The Spherical TEPC

The CNP-TEPC is the main differentiator in the NEUDOSE mission from other CubeSat projects. The instrument reacts differently in ionizing vs non-ionizing radiation. It does this with a combination of the 2 cooperating technologies. The Spherical TEPC (pictured below), which is filled with enriched propane gas to model a human cell , is fabricated using the most recent techniques developed by NASA. It has a wall made of electrically conductive tissue-equivalent plastic.

When this instrument reacts with radiation, an electrical current is triggered through the anode wire sticking out of the poles. If at the same time a reaction occurs in the surrounding Anti-Coincidence Detector (ACD), we will know that we have received charged radiation. If we do not, then it is simply just neutral or non-ionizing radiation. The CNP-TEPC is the primary science payload and is currently being designed to be small enough so it can also potentially fit on the Extravehicular backpack carried by astronauts during spacewalks.


Opportunity has passed

On February 13, NASA had declared the Opportunity rover had officially ceased communication. Opportunity was deployed in 2003 and was anticipated to operate for 90 days, but has remained functional for a record 15 years. Opportunity’s mission was to analyze Martian soil for traces of water, of which it has confirmed is present. The mission results validate and encourage our desire to explore the red planet.

Our NEUDOSE mission seeks to ensure that humanity will be able to perform safer space travel, with a more advanced knowledge of the effects of solar radiation on humans outside our Earth’s protective magnetosphere. Our CNP-TEPC (Charged and Neutral Particle - Tissue Equivalent Proportional Counter) instrument allows us to distinguish between ionized and non-ionized radiation and to estimate doses received during space travel.

CNP-TEPC Instrument reacting to radiation

CNP-TEPC Instrument reacting to radiation

Total Eclipse of the Moon

Tonight, the Total Lunar Eclipse will be visible in Hamilton. A lunar eclipse, when the Earth casts a shadow on the moon, is quite a rare event and Totality will not be visible in Hamilton again until May 2022. The moon turns a red colour once the Earth fully blocks the sun. Similar to the ring we see during an annular solar eclipse, the moon sees a bright red ring around the Earth. This ring is red due to the contents of our atmosphere. Volcanic activity is also capable of influencing the appearance of the moon during an eclipse and can make it significantly darker.

For more information and a live animation of tonight’s total lunar eclipse, visit this link.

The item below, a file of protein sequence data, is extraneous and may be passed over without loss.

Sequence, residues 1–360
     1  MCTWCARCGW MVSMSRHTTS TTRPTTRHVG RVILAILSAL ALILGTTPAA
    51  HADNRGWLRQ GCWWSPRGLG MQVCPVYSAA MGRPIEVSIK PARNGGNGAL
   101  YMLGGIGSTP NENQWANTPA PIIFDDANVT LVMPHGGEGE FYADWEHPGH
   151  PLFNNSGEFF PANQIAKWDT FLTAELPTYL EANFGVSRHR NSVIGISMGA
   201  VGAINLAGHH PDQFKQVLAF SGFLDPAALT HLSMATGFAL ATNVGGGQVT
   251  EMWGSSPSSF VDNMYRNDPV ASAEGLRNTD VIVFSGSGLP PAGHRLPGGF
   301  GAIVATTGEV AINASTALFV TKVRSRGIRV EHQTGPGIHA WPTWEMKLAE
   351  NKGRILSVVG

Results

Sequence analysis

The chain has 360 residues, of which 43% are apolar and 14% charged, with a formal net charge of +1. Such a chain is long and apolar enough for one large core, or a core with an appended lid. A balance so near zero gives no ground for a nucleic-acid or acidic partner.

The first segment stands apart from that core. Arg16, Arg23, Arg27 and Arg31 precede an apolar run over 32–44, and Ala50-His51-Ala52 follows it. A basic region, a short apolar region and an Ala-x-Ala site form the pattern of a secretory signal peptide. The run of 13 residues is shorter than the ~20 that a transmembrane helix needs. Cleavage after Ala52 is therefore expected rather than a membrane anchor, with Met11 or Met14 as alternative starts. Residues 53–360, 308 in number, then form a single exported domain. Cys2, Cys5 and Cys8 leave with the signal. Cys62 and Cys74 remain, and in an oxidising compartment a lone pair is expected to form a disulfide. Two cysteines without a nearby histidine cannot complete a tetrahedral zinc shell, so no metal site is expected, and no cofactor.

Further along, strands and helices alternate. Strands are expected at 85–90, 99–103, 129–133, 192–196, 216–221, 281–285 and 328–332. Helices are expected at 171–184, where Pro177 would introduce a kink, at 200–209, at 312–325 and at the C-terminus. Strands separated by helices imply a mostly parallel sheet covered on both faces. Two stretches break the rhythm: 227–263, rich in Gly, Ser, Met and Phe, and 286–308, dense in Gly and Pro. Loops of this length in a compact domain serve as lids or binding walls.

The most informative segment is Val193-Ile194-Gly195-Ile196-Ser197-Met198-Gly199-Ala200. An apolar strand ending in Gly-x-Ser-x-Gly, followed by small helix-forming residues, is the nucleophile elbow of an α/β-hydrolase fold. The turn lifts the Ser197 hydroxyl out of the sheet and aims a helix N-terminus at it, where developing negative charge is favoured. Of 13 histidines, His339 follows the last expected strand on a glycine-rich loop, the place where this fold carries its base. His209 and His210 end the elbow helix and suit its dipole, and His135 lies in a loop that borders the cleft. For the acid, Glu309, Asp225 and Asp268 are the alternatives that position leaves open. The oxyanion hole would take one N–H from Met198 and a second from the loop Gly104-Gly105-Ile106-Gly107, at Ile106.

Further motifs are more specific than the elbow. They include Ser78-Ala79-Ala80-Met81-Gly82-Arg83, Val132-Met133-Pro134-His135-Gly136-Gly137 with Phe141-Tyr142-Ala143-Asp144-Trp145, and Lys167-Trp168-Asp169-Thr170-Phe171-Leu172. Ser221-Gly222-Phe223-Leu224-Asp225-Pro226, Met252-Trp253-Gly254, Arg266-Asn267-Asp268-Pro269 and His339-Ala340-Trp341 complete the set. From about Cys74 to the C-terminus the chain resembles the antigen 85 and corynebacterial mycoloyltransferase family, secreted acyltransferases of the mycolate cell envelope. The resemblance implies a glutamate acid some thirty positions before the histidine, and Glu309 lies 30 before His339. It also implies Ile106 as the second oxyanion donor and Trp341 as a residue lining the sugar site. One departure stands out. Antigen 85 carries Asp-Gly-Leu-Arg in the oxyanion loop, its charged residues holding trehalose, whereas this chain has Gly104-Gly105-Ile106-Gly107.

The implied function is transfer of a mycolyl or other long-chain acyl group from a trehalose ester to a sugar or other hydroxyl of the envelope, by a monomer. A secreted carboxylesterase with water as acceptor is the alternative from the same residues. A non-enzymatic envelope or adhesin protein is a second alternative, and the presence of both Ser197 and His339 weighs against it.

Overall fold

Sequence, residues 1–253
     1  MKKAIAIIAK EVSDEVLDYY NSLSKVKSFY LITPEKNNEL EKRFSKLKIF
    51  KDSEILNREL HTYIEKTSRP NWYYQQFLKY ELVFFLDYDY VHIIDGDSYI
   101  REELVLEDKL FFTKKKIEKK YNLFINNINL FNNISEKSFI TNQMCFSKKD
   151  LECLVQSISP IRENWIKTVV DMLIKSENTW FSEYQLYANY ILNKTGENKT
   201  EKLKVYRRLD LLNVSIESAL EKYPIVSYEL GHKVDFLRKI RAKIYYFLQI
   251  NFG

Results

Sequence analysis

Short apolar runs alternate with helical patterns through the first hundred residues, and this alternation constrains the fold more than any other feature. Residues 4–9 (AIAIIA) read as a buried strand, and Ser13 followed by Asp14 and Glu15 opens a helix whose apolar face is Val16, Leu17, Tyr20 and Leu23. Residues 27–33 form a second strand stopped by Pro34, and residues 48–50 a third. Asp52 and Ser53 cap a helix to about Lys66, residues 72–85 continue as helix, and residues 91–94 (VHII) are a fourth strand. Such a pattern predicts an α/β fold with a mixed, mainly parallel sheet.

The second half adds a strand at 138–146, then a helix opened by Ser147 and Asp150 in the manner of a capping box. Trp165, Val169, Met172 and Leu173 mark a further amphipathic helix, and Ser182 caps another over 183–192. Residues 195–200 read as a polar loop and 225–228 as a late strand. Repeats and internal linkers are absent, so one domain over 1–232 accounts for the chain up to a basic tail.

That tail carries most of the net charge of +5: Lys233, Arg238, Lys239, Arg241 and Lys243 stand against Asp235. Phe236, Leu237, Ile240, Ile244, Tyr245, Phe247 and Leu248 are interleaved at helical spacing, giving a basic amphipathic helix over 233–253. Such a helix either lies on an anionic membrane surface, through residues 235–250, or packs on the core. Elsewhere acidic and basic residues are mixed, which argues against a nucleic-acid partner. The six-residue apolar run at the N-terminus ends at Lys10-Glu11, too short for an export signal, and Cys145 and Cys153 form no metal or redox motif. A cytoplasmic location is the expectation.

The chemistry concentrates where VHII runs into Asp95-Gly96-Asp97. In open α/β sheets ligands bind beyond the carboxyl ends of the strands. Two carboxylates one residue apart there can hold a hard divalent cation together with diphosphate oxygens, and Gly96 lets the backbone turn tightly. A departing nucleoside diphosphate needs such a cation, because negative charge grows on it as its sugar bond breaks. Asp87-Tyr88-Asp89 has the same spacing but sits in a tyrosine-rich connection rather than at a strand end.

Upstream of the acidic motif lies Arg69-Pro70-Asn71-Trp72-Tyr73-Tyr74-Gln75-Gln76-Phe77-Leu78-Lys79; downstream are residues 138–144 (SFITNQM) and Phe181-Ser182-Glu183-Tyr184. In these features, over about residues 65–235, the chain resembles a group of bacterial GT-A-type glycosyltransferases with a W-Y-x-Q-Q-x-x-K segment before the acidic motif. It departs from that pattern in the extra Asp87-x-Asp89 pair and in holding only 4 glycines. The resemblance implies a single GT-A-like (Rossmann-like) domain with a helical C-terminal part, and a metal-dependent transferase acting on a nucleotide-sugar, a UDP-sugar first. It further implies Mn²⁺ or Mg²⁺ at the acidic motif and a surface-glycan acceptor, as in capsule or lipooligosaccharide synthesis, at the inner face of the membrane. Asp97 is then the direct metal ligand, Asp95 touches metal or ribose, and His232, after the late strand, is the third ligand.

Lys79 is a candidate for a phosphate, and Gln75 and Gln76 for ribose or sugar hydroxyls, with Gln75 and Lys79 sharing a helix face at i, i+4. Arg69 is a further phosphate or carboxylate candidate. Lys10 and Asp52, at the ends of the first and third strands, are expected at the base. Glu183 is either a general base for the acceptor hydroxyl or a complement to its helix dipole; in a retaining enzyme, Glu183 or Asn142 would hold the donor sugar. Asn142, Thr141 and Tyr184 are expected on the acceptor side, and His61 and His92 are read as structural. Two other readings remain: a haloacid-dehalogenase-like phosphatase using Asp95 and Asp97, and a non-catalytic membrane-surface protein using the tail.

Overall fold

Progress in practice


As the year begins to draw to an end, we reflect on our progress and challenges overcome throughout the year. One example of progress in our NEUDOSE mission is in our Pressure Vessel Enclosure, designed by our Mechanical team. The picture above shows the design iterations (in order from left to right). As the project progressed, certain parameters continued to change/develop. Some of these design constraints include: Space requirements, strength of the material, load capabilities, and ease of integration. Our experienced team adapted to these changes and proceeded to apply their skills and knowledge, refined at school here at McMaster University, to the design changes.

Fun Fact: Theoretically, a sphere is the optimal shape of a pressure vessel due to the even stress distribution. However, due to the difficulty and cost of manufacturing a perfect sphere, often cylinders with rounded ends are used.

Soldering Lecture Oct. 1 @ CNH 103

Soldering is the fundamental process that allows for the creation of structural and electrical bonds between two separate objects. It is necessary for the fabrication of most microelectronics; from computers to cellphones, and even to satellites! But what happens when we send these soldered electronics to the vacuum of space?

Find out at our second General Lecture! Monday October 1st, at McMaster University’s Chester New Hall (CNH) 103 @ 6:30 pm.


First General Lecture

On Monday, September 17, we hosted our first General Lecture. We were able to introduce our mission and team to the students of McMaster who have shown interest in joining the project. With recruitment around the corner, we wanted to showcase the different subteams to provide applicants with a clearer image of what is expected in each team.

Thanks to all who came! For those who missed it, the slides are available here

Rising to the Challenge - HASP 2018 Preparation

As preparations for the flight of the High Altitude Student Platform (HASP) enter their final days, team members Luis and Jimmy took the trip to Fort Sumner, New Mexico to ensure our NEUDOSE Instrument is set up on the platform to specification. Some of their main responsibilities are ensuring the instrument is secure and all the required systems are communicating as planned. Weather permitting, the platform will fly this weekend, sending 12 student payloads to 36km altitude.